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Floral quartets link flower development and evolution

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According to the ‘floral quartet model’ the identities of the different floral organs are specified during development by specific tetrameric complexes of transcription factors; these tetramers bind to two cis-regulatory elements (CArG-boxes), thereby looping the DNA in between them. Intriguingly, the protein constituents of floral quartets are all encoded by paralogous, seed plant-specific MIKC -type MADS -domain proteins. The floral quartet model thus provides an excellent starting point for investigations on the molecular mechanisms underlying the evolution of the angiosperm flower in the framework of evo-devo. We use methods ranging from molecular biophysics to phylogenomics to better understand the origin and functionality of floral quartets and their contributions to the evolution of flowers. Our data suggest that the capacity to constitute floral quartet-like complexes is an ancestral feature of homologues of floral homeotic proteins that had already been established in the most recent common ancestor of extant angiosperms and gymnosperms 300 million years ago. I’ll discuss data suggesting that by changes in the protein-protein and protein-DNA interactions of floral homeotic proteins, target gene specificity and developmental robustness have been improved. This way more efficient ‘developmental switches’ may have originated that facilitated the origin and diversification of the angiosperm flower during evolution.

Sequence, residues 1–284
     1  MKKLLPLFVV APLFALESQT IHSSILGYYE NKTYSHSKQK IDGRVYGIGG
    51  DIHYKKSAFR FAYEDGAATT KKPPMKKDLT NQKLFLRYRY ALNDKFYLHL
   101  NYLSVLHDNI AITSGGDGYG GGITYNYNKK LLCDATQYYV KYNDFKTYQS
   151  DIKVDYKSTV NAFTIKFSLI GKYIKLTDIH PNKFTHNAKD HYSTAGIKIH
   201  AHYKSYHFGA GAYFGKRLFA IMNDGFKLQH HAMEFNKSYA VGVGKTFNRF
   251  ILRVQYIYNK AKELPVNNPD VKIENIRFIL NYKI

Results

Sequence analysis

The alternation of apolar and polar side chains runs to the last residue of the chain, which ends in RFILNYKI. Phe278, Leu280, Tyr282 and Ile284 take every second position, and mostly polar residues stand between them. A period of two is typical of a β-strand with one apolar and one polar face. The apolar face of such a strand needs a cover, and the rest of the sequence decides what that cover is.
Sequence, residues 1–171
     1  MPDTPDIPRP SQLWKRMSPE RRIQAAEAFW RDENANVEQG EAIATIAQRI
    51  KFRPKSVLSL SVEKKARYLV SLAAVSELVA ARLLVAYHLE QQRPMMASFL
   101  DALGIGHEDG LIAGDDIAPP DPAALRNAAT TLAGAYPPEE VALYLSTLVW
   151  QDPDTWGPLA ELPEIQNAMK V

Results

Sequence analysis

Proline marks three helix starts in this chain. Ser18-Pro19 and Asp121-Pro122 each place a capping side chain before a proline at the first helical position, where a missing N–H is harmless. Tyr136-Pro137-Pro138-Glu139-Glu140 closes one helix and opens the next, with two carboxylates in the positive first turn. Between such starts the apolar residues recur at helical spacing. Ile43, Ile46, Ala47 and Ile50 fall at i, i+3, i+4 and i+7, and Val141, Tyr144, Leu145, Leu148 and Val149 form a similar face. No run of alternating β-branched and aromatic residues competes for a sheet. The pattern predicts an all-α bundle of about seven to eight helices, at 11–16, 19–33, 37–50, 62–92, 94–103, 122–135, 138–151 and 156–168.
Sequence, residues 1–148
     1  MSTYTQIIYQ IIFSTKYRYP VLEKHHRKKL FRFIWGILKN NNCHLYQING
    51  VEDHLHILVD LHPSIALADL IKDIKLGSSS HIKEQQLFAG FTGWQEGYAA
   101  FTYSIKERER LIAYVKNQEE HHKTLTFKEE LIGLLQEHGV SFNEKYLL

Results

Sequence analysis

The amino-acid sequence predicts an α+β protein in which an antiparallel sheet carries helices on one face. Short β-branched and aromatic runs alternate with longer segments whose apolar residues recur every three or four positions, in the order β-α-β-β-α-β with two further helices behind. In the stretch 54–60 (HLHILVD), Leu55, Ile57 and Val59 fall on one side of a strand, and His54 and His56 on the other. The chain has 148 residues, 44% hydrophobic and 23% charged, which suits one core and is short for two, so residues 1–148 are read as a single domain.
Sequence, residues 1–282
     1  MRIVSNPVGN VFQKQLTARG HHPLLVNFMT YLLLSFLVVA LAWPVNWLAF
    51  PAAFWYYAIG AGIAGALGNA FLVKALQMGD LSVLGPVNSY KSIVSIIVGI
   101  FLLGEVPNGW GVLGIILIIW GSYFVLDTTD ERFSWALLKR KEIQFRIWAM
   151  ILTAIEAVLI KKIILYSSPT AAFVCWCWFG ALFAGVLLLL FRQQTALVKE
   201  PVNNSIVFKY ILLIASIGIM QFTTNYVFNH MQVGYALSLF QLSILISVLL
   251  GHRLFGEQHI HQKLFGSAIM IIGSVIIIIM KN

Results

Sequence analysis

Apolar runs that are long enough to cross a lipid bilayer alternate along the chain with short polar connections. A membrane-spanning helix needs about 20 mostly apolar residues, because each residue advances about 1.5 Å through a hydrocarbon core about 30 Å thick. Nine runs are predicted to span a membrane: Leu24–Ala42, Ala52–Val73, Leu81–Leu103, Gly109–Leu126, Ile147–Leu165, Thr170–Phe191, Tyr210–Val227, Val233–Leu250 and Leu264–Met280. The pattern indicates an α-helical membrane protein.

This talk is part of the Evolution and Development Seminar Series series.

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